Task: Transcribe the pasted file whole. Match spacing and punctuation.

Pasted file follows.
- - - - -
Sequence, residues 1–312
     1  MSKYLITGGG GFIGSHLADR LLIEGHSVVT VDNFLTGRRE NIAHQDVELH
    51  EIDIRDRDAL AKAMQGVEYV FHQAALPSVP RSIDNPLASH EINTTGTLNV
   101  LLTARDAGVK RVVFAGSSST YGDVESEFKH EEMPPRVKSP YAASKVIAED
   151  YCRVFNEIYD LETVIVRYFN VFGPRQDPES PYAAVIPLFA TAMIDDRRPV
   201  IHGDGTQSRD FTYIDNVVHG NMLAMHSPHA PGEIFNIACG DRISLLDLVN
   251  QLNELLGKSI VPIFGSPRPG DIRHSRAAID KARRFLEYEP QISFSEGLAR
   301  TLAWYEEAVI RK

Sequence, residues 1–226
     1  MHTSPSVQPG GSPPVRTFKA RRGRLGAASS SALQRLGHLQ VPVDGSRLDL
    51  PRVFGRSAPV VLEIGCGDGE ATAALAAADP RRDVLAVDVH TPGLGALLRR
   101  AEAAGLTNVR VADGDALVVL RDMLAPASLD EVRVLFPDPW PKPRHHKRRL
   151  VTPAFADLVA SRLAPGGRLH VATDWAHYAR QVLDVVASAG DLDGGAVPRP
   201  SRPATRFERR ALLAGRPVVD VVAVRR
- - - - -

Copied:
Sequence, residues 1–312
     1  MSKYLITGGG GFIGSHLADR LLIEGHSVVT VDNFLTGRRE NIAHQDVELH
    51  EIDIRDRDAL AKAMQGVEYV FHQAALPSVP RSIDNPLASH EINTTGTLNV
   101  LLTARDAGVK RVVFAGSSST YGDVESEFKH EEMPPRVKSP YAASKVIAED
   151  YCRVFNEIYD LETVIVRYFN VFGPRQDPES PYAAVIPLFA TAMIDDRRPV
   201  IHGDGTQSRD FTYIDNVVHG NMLAMHSPHA PGEIFNIACG DRISLLDLVN
   251  QLNELLGKSI VPIFGSPRPG DIRHSRAAID KARRFLEYEP QISFSEGLAR
   301  TLAWYEEAVI RK

Sequence, residues 1–226
     1  MHTSPSVQPG GSPPVRTFKA RRGRLGAASS SALQRLGHLQ VPVDGSRLDL
    51  PRVFGRSAPV VLEIGCGDGE ATAALAAADP RRDVLAVDVH TPGLGALLRR
   101  AEAAGLTNVR VADGDALVVL RDMLAPASLD EVRVLFPDPW PKPRHHKRRL
   151  VTPAFADLVA SRLAPGGRLH VATDWAHYAR QVLDVVASAG DLDGGAVPRP
   201  SRPATRFERR ALLAGRPVVD VVAVRR